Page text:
He rolls the cigar as he lights it, puff, puff, puff. It relaxes him and he realises he is looking forward to the end game. In the background, Amalia Rodriguez sings; he and Larry saw her once, long before that time she came to New York to kill herself and couldn’t do it. They watched her wring herself empty, and Larry said anyone that miserable had to be a dyke, but he was joking and he’d enjoyed it because he was content to wait with Brendan amongst a small knot of common people outside the stage door to get her autograph. She is singing a happy tune, light; Brendan doesn’t understand Portuguese, but he knows for sure it is about orange groves and beaches with little fishing boats dragged up on to the sand. Hearts are broken in fado, and hearts are mended; this is one of the mending songs.
“Hey, Brendan, you ever realise smoking cigars gave Cuba its name?” Larry once asked him.
“What do you mean?”
“Go on. Say coo.”
“Feel it? The shape your mouth makes?”
“Like a kiss.”
“Na, man. More like a suck. Now say baa.”
“Just like exhaling. Coo-baa. Coo-baa. You say it every time you take a draw of you cigar.”
“Kind of oral, these Cubans.”
“Yeah,” he said. “Ain’t I the lucky one?”
At about a fiver for the digital issue, it’s well worth it. With material from all over the world included, it’s another fine outlet for writers. Take a look.
New Writing Scotland 30 is out now, and very interesting it looks too. You can buy it here: NWS30.
My story, “Spree Killer” tells of one day in the life of Duane, an underemployed, divorced, impoverished Texan with a chip on his shoulder and a semi-automatic rifle, and of his efforts to buy the meat for his friend’s barbecue.
Here’s an extract to give you a flavour:
“He drains the beer bottle, kicks open the back door, tosses the empty at the dumspter at the back of the duplex. It misses, bounces high in the air off the back wall, comes down hard on the metal edge, shatters, spraying glass everywhere. The old guy upstairs, not so bad, but he walks his poodle out back in the evening, he’ll moan like crazy bout the glass. Duane takes a broom, crosses the dusty yard where nothin’s ever grown and brushes the glass under the dumpster. If the poodle gets under there, it’s its own fault, he reckons, though its okay, belonged to the wife afore she died. Not a good dog, not a huntin dog, but it keeps quiet and shits in its own corner of the yard.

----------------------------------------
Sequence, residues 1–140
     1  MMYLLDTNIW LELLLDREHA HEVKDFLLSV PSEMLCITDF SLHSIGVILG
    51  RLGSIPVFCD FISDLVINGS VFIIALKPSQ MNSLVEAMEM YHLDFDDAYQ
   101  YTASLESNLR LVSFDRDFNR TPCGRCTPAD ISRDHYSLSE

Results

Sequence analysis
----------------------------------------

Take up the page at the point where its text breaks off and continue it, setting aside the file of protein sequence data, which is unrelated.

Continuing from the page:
The guy’s an old vet, not even from Vietnam or Korea but from the German war, which was like fuckin way back, was the first in to one of those concentration camps, piles of dead hebes and walkin skeletons. Duane woulda liked to’ve seen that, the piles of hebes and those Germans with their hands behind their heads and shittin their pants, and Duane woulda taken his machine gun, big Browning 50 calibre, and spread those motherfuckers’ guts all over the place. The old guy gets misty when he talks bout it though, says it was the worst time ever, but Duane’s brother was in the first Gulf war and he came back wrecked, shakes and sickness specially in winter, just couldn’t keep the food in his belly, heavin all the time until he blew his brains out in a doss house in Denver with a Saturday night special he bought offa some nigger crack dealer, so Duane reckons the old guy couldn’ta had it that bad. Yeah, Duane woulda liked to’ve seen that, seen what the old guy’d saw.
He’d better go get the meat, though fuck knows it could go off by the afternoon in this heat. He’ll swing by Barney’s first, grab a coupla beers, see who’s around, get some ice to pack the meat. He racks up the Woodsmaster in the cab, clears out the burger wrappers on the floor so Jonelle won’t make that screwed up face she makes, climbs in. It’s a rust heap, this fuckin thing, and it burns through rubber fast, but the engine’s good, big 5 litre V8 with that Nip transmission, solid.
The solenoid’s been playing up, almost shot, so it just clicks dead and he has to spark it with a screwdriver, but then it just ticks over sweet. Jonelle says he should get rid of it, it’s too thirsty and he only uses the bed but once or twice a year when he’s gone deer huntin, but he’s not goin for some European compact like hers cos he’s a man and she’s a schoolteacher, and he says he might stretch to a station wagon but he can’t afford it right now. “You can’t afford not to,” she says, “that thing’s just gonna eat money,” but she wants to go shoppin with him for a new car, she’d co-sign the loan, she says, but he don’t want that, don’t want saddled with obligations to her and her weirdo kid yet.
Down the road he’s trailin dust, fast past that fence hopper’s place, the one that drives the el Camino like some pimp, the one picked a fight with Duane down at Barney’s and Duane kicked his ass and almost popped his eye, took the guy’s switchbade off him and damn near dug it right out of its socket till Barney stopped him and they threw the wetback’s ass off the lot and told him not to come back. The guy don’t look Duane’s road now. He hacks hard, spits at the guy’s yard, drives on. The guy has a car in the yard, rust and dents, parts for the Camino.”
I had a lot of fun getting inside Duane’s head: hope you enjoy it enough to buy the book and support the ASLS.